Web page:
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L'art du Mouvement 1919-1996, 1996.

Stan Vanderbeek Biography

Dr. William Moritz



Stan Vanderbeek (1927-1984) attended the experimental Black Mountain College (where such diverse people as Josef Albers, Aldous Huxley, John Cage, Robert Rauschenberg and Buckminster Fuller taught and performed), and certainly learned there an adventurous attitude towards art and the expansion of art into new areas and technologies. His early films, from 1955 to 1965, mostly involved animating combinations of painting and collage work. He would cut pictures out of magazines and art books, often combining parts of one person with parts of another and grafting classic paintings onto latest news items, as in the famous image from the 1958 Science Friction in which a renaissance Madonna's altarpiece blasts off like a rocketship from the New York skyline. Vanderbeek's ironic juxtapositions are certainly in the Dada/Surreal spirit of Max Ernst's collages, but with a wild, rough informality more akin to the Expressionism of the Beat Generation. In some films, such as Mankinda (1957), he painted, making single frames as he added brush strokes, including calligraphy of a poem. The masterpiece of this early period is the 15-minute Breathdeath (1964), a hectic anti-war collage, which contains animation superimposed over live-action footage, time-painting over the collage work, and footage filmed from television; the montage indicts not only politicians (Krushchov sneezes, Hitler says "Gesundheit"; Nixon's foot falls out of his mouth) but also the media, in which the Mona Lisa and Marilyn Monroe are so easily confused.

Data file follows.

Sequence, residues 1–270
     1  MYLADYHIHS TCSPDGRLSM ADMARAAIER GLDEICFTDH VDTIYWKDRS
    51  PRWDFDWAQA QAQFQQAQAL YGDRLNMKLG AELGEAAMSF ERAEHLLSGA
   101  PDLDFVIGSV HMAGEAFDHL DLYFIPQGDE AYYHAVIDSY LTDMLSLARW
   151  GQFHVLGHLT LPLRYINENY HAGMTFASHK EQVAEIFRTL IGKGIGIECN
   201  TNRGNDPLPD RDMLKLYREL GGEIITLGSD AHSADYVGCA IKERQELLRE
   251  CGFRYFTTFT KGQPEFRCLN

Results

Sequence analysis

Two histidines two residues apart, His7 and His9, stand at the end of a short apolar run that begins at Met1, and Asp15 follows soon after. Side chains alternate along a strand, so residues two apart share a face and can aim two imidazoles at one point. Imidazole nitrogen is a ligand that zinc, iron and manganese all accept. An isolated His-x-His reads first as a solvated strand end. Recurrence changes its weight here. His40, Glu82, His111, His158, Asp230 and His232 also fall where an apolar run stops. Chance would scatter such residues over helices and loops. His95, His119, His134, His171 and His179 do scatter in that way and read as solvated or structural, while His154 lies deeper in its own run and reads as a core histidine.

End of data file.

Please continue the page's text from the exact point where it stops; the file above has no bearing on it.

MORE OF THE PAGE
Vanderbeek had made documentations of many happenings and performance pieces by Claes Oldenburg and Allen Kaprow in the late 1950s and early 1960s. In 1965 he began collaborating with various modern dancers, including Merce Cunningham and Yvonne Rainer, making filmed backgrounds and devising small portable screens to be carried by dancers. He also created multiple-projector shows for the Movie-Drome dome theater he constructed at his home in Stony Point, New York. He also performed these "Movie-Murals" and "Newsreels of Dreams" in conventional theaters, using two projectors on the normal screen, and five additional projectors carried around the room by hand, moving across the walls, ceiling and audience. He hoped these "Cultural Intercom" performances would communicate universal concepts that could speak to average poeple in all countries of the world, and believed that sattelite television would make simultaneous world-wide linkage possible. His 1965 video collage Panels For the Walls of the World No. 1 also aimed at this universal communication.

His utopian yearning in 1966 led him to work with Ken Knowlton at Bell Telephone Laboratories, creating a dozen computer animation films, and experiments with holograms, always hoping to come closer to the working of the human nervous system through more complex technology. The first of these computer graphics are technically rather primitive -- dot patterns rearrange themselves to spell out words -- but Vanderbeek's wit and romantic love of humanity shines out of his texts: "Gestures mistake place. Finger-pointing takes a word to complete. Somehow words fill the space between things better. Love's finger directs the speech that Silence, falling, touches."

Vanderbeek's films are never polished, but their intentional roughness assures the viewer that this is not the work of an "artist-priest" with all the answers, but rather a common human speaking to other common humans. While many of the particular references in the collaged imagery may now seem obscure, Vanderbeek's exuberant montage convinces.



Moritz, William. "Stan Vanderbeek." L'art du Mouvement 1919-1996. Ed. Jean-Michel Bouhours, Cinéma du Musée National d'Art Moderne, Paris: Centre Pompidou, 1996, 443.


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